In popular movies that aired between 1919 and 1933, the New Woman was typically seen as self-governing and liberated, while turning to culturally immoral methods to support herself or her family. For example, in the less popular film The Joyless Street directed by G. W. Pabst, starvation drove a woman to attempt prostitution so that she could provide food for her family.[24] At the end of the film, those she loved stopped her from undergoing something they considered wicked, and ‘saved this woman from herself’. In Pandora’s Box, the main character Lulu and her friend, Alwa, proposed the idea of prostituting themselves to afford Lulu’s escape from a jail sentence of five years. These two famous and well-known movies depicted women in different respects of German thought; one woman that of purity and love, willing to sell her body to help those she cares for the most, while the other depicted a woman who prostituted herself for the advantage of no one but herself and those imprudent enough to assist her escape from prosecution. In both films, the independently-minded femme fatales made the decision to prostitute themselves for gain, an action that was considered immoral for any woman.

The portrayal of the dangerously immoral New Woman in cinema echoed its impact throughout many respects of artistic expression. For example, the poem “Kino” (Cinema) by Bruno Schonlank, expresses that beautiful girls swallow the lies and extravagancies of the New Woman in film, allowing themselves to be led away from traditional morals and values. A section of this poem reads:

…Beautiful girls ceaselessly follow the pictures

and swallow in the lies.

They gladly let themselves be led astray

by that which enchants their souls.

Drunk with the glitter, they reluctantly return home

and in the dark room set yet a light,

which breaks through their dreams as bright as the sun…

till grey everyday life puts it out again.[25]

This poem articulated the growing concern many Weimar people shared towards the shifting role of women in society. It contends that “beautiful girls” carelessly and unquestionably followed the example of immoral, materialistic women in cinema, only to discover their lives are not nearly as grandiose or exciting. Schonlank wrote that these gorgeous ladies were led astray by experiences and sensations that enchanted their souls, meaning that the persona, wants, needs, actions and behavior of New Women like Lulu in Pandora’s Box became idolized. Young German women went to the cinema and saw extravagant and pretty women, and then wished to be like them in every way. They longed for the adventures and misadventures the New Woman was always portrayed to have, and men like Schonlank feared that those longings would ruin the future of family values and womanhood.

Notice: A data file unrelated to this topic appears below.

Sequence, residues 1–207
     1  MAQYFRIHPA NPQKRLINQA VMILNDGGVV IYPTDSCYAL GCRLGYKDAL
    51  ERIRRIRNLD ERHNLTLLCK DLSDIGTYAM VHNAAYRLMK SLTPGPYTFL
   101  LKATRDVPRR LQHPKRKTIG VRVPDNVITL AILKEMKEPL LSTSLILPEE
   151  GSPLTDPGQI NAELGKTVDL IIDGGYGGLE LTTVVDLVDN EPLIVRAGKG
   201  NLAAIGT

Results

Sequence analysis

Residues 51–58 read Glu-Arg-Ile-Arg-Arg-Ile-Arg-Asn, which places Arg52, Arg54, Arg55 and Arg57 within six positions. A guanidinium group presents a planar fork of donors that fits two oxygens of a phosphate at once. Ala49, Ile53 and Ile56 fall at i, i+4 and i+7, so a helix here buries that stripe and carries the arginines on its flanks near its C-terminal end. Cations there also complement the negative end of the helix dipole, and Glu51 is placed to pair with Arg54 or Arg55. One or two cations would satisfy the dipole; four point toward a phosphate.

The notion of an autonomous woman selling herself, whether physically or emotionally for money or goods became a distinct premise in many German works of the time. For example, the fictional novel entitled The Artificial Silk Girl, written by Irmgard Keun, followed the life of a young woman who dreamt of becoming an actress. With the struggle of inflation and the Great Depression, this woman used her charm, beauty, wit and sexual advances to get what she needed, even to the extent of being homeless and relying on wealthy men buying her meals throughout the day.[26] This book clearly described women to be at a significant disadvantage if they fell outside the “social conventions of education, marriage, and family,” all conventions which were most commonly held before World War One.[27] Doris, the leading femme fatale in the novel, conformed to the typical cast of the iconized New Woman; she followed her own desires, leaving destruction and corruption in her wake.

Not unlike many disparaging tales of independent women that were created during the Weimar Republic, Doris’s ending was one of thought provocation and sobriety. As her journey of selfishness continues, she learns many lessons of love and life, culminating in her acknowledgement of Weimar society’s ideal ‘morality’ for women. The last line of the novel, “perhaps glamor isn’t all that important after all,” showed the readers that Doris turned away from her independent, materialistic ways to embrace a more simplistic lifestyle.[28] Within the context of Weimar Germany, a simplistic lifestyle meant that of the morals and ideals shared by Germans before the emancipation of its female citizens, and the construction of new gendered roles for men and women.

Painters, like the majority of citizens in the Weimar Republic, were not shielded from the influence of discrimination towards the New Woman. One disturbing trend in art was a portrayal of lust murders (Lustmord). This artistic fad was defined as “sexually motivated murder/violation of female corpses,” and recurrently appeared in the works of artists such as Otto Dix and George Grosz.[29] In his work entitled John the Sex Murderer (Figure 4), George Grosz painted a menacing man with large black eyes walking away from the brutal murder of a naked woman.[30] The woman is decapitated, her right arm is cut off just beneath her shoulder. This violent imagery of women became commonplace in many artworks created at this time.